escape—that was different.
Old Man Anderson rubbed his right hand in the dirt and held it
before his eyes in the blackness. He knew that the moisture on it was
Slattery's blood. The iron pipe in Old Man Anderson's hands had struck
Slattery on the head just once, but once was enough.
Old Man Anderson burst into hiccoughing sobs. The younger convict
punched him in the ribs, and swore at him in muffled tones. Anderson
stifled his sobs then, but continued to sniffle and shiver. This time
it would absolutely be The Chair for him—if they got him! In a few
minutes they couldn't help discovering Slattery. Anderson never could
give himself up now, however this business of the dugout and the
hoped-for old sewer conduit should finally turn out. In the beginning
he had counted on crawling out, if worst came to worst, and
surrendering. But to crawl out now meant but one thing—The Chair!
In all his fourteen years behind the walls the vision of The Chair
had terrorized the old man. When they had sent him to prison his first
cell had been in the death-house, separated from The Chair only by a
corridor that, they told him, was about twenty feet long, and took no
more than five seconds to traverse—with the priest. Until they changed
his cell, the gaunt, terrible Thing in the next room edged every day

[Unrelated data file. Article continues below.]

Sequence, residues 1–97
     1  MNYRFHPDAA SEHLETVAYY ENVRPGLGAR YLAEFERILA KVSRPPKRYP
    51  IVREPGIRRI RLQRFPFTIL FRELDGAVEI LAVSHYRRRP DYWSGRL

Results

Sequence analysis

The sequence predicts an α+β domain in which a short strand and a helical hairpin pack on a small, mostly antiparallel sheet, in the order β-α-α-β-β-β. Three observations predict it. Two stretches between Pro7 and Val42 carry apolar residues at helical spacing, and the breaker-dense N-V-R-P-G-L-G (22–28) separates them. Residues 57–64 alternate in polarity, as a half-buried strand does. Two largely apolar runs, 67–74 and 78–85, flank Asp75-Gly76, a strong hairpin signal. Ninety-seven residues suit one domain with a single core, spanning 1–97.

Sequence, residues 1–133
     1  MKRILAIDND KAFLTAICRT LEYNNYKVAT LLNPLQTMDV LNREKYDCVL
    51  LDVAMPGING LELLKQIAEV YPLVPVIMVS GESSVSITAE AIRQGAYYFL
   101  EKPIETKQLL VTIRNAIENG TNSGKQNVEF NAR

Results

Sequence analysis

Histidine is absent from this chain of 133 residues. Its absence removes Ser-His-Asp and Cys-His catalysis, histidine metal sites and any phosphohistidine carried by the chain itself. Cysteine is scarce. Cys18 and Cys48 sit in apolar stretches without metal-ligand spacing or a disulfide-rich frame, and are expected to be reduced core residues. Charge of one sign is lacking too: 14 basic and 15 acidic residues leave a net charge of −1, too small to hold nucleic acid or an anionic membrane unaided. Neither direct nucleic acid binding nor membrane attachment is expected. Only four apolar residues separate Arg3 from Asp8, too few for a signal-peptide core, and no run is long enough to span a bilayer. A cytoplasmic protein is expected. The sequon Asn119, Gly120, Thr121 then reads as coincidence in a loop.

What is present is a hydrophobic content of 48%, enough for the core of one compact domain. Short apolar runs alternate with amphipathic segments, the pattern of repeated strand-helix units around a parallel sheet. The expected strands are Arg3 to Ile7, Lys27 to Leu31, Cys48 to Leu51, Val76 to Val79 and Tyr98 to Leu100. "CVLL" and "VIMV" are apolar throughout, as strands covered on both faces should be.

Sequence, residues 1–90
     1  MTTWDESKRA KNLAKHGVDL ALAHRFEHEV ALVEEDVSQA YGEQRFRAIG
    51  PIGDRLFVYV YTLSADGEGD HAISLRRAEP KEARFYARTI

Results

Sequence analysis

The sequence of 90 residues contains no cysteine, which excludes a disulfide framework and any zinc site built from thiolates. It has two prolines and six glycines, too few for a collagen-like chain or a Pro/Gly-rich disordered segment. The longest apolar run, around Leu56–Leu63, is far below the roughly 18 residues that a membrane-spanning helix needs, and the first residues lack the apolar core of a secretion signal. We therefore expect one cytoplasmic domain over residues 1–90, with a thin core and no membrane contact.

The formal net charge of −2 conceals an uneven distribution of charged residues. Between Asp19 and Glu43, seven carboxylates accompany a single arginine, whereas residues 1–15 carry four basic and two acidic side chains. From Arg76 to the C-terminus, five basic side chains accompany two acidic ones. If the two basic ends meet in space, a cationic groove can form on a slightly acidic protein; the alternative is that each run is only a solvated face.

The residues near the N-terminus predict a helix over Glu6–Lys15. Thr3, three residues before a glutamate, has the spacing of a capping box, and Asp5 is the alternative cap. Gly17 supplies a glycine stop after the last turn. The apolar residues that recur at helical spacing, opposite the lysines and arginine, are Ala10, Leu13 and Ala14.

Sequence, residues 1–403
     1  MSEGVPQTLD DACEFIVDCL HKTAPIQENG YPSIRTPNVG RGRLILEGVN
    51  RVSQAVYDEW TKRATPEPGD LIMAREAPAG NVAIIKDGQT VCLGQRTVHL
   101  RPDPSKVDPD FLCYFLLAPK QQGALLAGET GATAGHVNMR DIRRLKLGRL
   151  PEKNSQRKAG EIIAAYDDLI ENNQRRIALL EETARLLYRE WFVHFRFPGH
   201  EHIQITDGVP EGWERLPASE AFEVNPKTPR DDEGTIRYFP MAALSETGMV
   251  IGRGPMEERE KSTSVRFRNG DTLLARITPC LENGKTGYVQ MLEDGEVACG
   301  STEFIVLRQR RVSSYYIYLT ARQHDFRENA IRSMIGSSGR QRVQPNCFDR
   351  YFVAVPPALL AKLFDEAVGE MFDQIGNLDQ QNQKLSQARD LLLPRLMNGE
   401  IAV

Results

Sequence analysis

nearer, nearer, nearer, looming, growing, broadening before his morbid
vision until it seemed to have cut off from his sight everything else
in the world—closer, closer until it was only seven incredible hours
away! Then had come the commutation of his sentence from death to life!
The next day Old Man Anderson, gray-haired even then, went out from
the death-house among his gray-clad fellows, but straight into the
prison hospital, where for three months be lay a victim of chair-shock
just as surely as was ever a man shell-shocked on the Flanders front.
And never since had the hands of the man wholly ceased to quiver and to
Now he was a murderer for the second time! In the blackness he
stretched out his hand, and ran it over a stack of tin cans. Detroit
Jim had been mighty clever! Canned food from the storehouse, enough to
last perhaps two weeks! Detroit Jim had had a storehouse job. Twice a
day, during the last ten days, the wiry little ferret-faced
second-story man had got away with at least one can from the prison
commissary. Also he had provided matches, candles, and even a cranky
little flashlight. Only chewing tobacco, because you can smell smoke a
long way when you are hunting escaped convicts. And a can of water half
the size of an ash can!
Despair fastened upon Old Man Anderson, and a wave of sickness swept
over him. All the food in the world wouldn't bring Slattery back to
life. And again that Thing in the death-house rose before his mind's
eyes. Throughout all the years he had carried a kind of dread that
sometime a governor might come along who would put back his sentence
where it had been at first—and then all his good behaviour in these
endless years would count for nothing. Until Detroit Jim had told him
about the long-forgotten sewer conduit, he had never even thought to
disobey the prison rules.
The old man's teeth chattered. Detroit Jim's thin fingers tugged at
his sleeve. That meant getting busy, and digging with the pick with the
sawed-off handle. So Anderson wriggled into the horizontal chamber,
which was just large enough to permit his body and arms to function.